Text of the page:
810

MD Simulations of Ab Protofilaments

D23-K28 salt bridge 4,10

and the Both solid state NMR measurements MD simulations reported by Ma & and Nussinov30 have identified an interior salt-bridge between D23 and K28 as an important element of the fibril structure. Figure 5(a) shows the relative arrangements of D23 (red) and K28 (blue) at the end of the 10 ns FCx2 simulation of a finite fibril segment. We find that the positive K28 and negative D23 sidechains alternate along the fibril axis, with tight saltbridges both intramolecular, and between adjacent peptide layers. The time evolution of the distances (shown as green lines in Figure 5(a)) between the Cg atom of the D23 residue and the Nz atom of K28, is shown in Figure 5(b). For the five salt-bridges in the interior layers of the protofilament segment, the distances fluctuate little around their average value ˚ , with a standard deviation of 0.24 A ˚ , as of 3.46 A shown by the histogram in Figure 5(b) for the FCx2 topology. The values of the corresponding D23K28 distances and their histograms for all four topologies simulated here are similar to the FCx2 case. Backbone and side-chain torsion angles The backbone and side-chain torsion angles are important structural parameters, directly related to the local secondary structure and conformational details of Ab peptides in protofilaments. Values of the residue-specific F and J angles for Ab1–40 fibrils have been estimated from solid state 13C NMR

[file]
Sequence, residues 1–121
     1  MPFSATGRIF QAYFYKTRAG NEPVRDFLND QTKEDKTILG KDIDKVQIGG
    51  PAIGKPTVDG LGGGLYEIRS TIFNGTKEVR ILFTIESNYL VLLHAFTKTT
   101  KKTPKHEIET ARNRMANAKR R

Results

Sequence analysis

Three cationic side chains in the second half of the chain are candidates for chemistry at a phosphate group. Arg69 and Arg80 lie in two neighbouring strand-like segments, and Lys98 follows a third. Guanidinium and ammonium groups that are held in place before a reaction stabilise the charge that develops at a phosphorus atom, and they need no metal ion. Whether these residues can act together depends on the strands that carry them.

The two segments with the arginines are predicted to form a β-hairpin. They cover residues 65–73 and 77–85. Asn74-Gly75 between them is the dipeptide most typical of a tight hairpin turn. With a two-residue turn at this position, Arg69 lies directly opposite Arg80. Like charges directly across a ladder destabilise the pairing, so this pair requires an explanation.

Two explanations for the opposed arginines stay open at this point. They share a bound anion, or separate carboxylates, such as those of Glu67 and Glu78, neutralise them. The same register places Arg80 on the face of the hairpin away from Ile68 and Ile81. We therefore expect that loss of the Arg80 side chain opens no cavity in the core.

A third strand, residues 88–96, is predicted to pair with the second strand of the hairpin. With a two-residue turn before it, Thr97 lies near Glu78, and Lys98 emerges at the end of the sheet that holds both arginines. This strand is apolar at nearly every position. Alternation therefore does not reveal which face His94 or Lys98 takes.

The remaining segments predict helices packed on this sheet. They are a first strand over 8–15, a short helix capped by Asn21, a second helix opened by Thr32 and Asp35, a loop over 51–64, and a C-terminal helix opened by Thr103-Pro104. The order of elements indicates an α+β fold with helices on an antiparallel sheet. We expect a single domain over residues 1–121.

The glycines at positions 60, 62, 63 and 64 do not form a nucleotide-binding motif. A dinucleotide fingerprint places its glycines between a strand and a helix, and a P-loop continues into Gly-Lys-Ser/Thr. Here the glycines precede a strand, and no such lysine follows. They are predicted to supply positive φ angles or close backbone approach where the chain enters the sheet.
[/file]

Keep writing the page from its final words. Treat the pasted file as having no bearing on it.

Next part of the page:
chemical shifts determined from two-dimensional NMR spectra of samples with multiple uniformly 13 C-labeled residues, recorded under magic-angle spinning4,10 and from solid state NMR measurements that directly probe the distances between and the relative orientations of sequential backbone carbonyl groups in samples with selectively 13 C-labeled carbonyl sites.21 From MD simulations, we extract statistical values of the residue-specific backbone torsion angles (F and J) and of the side-chain angle c1 for finite Ab9–40 fibril segments. The MD-derived mean values of the F, J and c1 angles for the three largest clusters of conformations (i.e. corresponding to the largest populations P(F,J) and P(c1)) are compared to values estimated using the TALOS program49 from solid-state NMR data. For residues in b-strand segments, the dihedral angles extracted from the 10 ns MD trajectories of the four (i.e. Cx2 , Cz2 , FCx2 and FCz2 ) configurations are very close to the corresponding experimental estimates. For FCx2, we note a high degree of disorder at the C terminus. Interestingly, only FCz2 shows two occupied (F,J) values for residue Q15, in agreement with the experimentally observed local enhancement in the CO, Ca and Cb linewidths for residues 14–16.4 Enhanced linewidths are also observed for residues H14 and K16, but the MD data shows multiple values only for the c1 angle at those locations. For some residues in the loop segment, multiple dihedral-angle states with significant population are observed in the simulations, some of which are

Figure 5. (a) Structure and (b) dynamics of the salt-bridge D23-K28. For clarity, only the A21-G29 region of the backbone is shown. The distances (green lines) shown in (a) are between the atoms Cg of D23 and Nz of K28. Their values over 10 ns MD trajectories (b) indicate that both intra and inter-molecular salt-bridges are equally present in the fibril structure. The inset in (b) shows a histogram of these values.

811

MD Simulations of Ab Protofilaments